For many of these species, Colorado is their version of wintering in Palm Springs. It's hard to believe this when the thermometer here barely reaches the double-digits, but it's definitely warmer than spending the winter above the Arctic Circle.
Kestrel fluffed up against the cold
The species I look most forward to seeing each winter is the Rough-Legged Hawk (Buteo lagopus). While the plumage on Roughies isn't as variable as that on Red-Tailed Hawks, it does sport two very fetching and distinct color phases, light and dark, with gradations between. And while anecdotal evidence says that these birds tend to stay out on open farm and ranch land far clear of cities, I have regularly seen them soaring over towns and highways here near Boulder.
Juvenile Rough-Legged Hawk hunting near Louisville, CO
Light phase Roughies are quite distinctive both in flight and perched - short beak, feathered legs, and dark "wrist' patches under their wings are giveaways. Very dark belly-bands are typically present on the lighter birds, and hunting from a hover (similar to a kestrel) is another distinctive trait of these raptors.
In some years, winter can bring another beautiful visitor from the far north: Snowy Owls (Bubo scandiacus). A very large, diurnal owl (active during the daylight), Snowies are surprisingly difficult to spot after winter storms have dumped a foot of powder along the Front Range. While again tending to stay in more rural areas, Snowies will go where the food is: namely, small rodents. I have seen Snowies perched on fence posts in an active farm yard, on top of manure piles, garbage dumps, heavy construction machinery, road signs, and on the peaks of barns.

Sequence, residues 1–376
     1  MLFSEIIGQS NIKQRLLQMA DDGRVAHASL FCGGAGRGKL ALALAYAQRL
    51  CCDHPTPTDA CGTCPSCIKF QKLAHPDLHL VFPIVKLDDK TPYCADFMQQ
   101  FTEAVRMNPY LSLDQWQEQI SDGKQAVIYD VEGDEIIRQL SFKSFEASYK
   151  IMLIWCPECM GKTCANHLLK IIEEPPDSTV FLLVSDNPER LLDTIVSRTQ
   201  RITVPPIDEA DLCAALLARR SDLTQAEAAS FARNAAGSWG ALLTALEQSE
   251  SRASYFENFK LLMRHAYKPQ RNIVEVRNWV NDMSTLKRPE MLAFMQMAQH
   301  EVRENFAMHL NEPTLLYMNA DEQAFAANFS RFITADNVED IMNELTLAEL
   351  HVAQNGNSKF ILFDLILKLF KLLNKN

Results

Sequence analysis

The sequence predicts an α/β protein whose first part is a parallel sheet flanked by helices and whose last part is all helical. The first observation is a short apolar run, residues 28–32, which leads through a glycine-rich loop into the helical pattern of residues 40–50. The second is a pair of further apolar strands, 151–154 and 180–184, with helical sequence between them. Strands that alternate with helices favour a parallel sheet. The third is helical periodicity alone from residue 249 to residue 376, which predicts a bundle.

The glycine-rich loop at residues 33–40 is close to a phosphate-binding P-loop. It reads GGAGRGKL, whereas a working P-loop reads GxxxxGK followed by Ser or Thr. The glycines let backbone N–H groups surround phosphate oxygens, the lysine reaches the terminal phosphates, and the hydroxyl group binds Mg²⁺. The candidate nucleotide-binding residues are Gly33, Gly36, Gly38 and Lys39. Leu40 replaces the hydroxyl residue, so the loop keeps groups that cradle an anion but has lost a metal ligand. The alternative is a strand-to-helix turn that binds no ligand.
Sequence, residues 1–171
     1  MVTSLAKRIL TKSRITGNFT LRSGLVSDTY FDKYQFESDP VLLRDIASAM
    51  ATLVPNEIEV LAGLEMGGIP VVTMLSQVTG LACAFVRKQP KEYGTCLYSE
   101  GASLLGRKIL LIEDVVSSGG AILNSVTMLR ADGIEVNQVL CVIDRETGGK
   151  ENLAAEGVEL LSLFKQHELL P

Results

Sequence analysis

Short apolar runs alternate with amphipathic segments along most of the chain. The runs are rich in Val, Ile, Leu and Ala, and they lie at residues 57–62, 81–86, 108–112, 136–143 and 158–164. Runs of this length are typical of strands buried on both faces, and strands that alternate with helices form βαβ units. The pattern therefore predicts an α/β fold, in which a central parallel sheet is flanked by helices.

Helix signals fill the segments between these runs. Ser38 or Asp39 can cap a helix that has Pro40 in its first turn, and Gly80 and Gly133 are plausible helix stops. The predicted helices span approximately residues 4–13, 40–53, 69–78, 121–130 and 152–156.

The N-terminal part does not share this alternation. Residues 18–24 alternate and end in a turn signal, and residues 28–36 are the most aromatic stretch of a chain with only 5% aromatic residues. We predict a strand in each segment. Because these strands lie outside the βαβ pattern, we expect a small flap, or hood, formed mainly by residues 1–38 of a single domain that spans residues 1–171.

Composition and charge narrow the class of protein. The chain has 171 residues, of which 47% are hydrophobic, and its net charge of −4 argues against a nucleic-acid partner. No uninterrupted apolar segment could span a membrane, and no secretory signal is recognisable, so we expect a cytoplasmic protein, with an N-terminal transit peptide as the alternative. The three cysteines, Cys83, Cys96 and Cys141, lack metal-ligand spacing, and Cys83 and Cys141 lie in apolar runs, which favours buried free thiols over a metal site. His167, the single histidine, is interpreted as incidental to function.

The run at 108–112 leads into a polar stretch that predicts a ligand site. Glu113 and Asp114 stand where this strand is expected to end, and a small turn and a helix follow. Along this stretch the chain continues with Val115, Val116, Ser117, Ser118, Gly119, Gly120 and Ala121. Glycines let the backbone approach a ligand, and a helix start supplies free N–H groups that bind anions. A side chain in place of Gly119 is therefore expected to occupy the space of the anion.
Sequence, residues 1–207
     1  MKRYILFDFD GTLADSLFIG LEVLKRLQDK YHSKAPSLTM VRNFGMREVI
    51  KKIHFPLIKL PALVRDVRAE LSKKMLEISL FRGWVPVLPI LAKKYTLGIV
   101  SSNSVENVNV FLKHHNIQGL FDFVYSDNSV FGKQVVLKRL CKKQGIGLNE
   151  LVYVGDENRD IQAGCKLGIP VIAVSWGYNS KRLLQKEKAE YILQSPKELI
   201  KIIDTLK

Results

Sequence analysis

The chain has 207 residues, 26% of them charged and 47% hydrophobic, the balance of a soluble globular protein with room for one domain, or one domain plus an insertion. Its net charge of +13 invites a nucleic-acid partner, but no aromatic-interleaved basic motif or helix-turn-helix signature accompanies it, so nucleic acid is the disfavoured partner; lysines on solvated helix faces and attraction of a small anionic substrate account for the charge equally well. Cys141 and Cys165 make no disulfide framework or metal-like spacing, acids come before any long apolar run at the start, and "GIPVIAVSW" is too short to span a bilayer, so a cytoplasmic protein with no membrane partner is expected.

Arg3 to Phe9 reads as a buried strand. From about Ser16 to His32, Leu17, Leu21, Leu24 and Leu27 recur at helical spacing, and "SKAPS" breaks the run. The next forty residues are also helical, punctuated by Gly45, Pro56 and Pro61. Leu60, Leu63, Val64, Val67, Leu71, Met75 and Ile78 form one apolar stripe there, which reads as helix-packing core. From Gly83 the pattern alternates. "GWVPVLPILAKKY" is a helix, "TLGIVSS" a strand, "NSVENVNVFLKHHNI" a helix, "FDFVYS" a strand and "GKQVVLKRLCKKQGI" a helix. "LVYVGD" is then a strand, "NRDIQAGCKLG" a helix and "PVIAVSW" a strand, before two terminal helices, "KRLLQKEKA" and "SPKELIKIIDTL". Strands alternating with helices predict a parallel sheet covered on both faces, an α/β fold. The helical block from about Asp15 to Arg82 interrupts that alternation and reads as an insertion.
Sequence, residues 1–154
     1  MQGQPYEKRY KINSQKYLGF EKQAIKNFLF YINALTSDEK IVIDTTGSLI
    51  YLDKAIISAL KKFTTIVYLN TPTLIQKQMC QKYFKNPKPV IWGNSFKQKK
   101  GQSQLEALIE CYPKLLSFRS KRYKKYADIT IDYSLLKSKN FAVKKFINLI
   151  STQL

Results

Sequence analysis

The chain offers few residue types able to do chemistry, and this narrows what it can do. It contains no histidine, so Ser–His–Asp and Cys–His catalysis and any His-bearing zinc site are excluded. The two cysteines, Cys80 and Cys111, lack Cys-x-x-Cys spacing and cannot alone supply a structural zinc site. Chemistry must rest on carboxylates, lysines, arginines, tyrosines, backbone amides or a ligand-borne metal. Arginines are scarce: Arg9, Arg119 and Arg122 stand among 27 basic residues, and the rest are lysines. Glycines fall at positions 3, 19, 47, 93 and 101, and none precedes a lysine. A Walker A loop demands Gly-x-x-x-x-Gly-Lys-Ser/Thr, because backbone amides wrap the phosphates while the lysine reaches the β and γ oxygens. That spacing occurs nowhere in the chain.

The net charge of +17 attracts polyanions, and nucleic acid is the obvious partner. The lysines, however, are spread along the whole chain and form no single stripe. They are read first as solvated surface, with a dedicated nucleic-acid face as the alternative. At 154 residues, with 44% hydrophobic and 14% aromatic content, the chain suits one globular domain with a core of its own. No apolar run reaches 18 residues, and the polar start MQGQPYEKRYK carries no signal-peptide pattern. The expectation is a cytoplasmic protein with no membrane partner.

Snowy Owl on a pile of tires
Other raptors that winter in Colorado are more northern populations of hawks, eagles, falcons, and owls.
Bald Eagle at Stearns Lake, Colorado
As with all wild animals, please take care when observing and photographing migrating birds of prey. Truly arctic birds like Rough-Legged Hawks and Snowy Owls come only as far south as they need in order to find food. If the rodent population is good to the north, few of these raptors come south into the lower 48. But if the rodent population has crashed that year, the birds won't have as much prey to eat so hunger will drive them south until they find food. By the time these Arctic birds reach Colorado, they're hungry, sometimes VERY hungry. Take care to disturb them as little as possible because their lives depend on their ability to capture food. On a cold day, too much human activity can cause them to expend a lot of precious energy avoiding us rather than tracking down and catching a much-needed meal.
Juvenile Bald Eagle feasting on a goose, Waneka Lake, CO
All text and photos copyright Nancy Rynes, 2013. You may link to this page, but please do not copy any text or pictures, for any reason, without my written permission.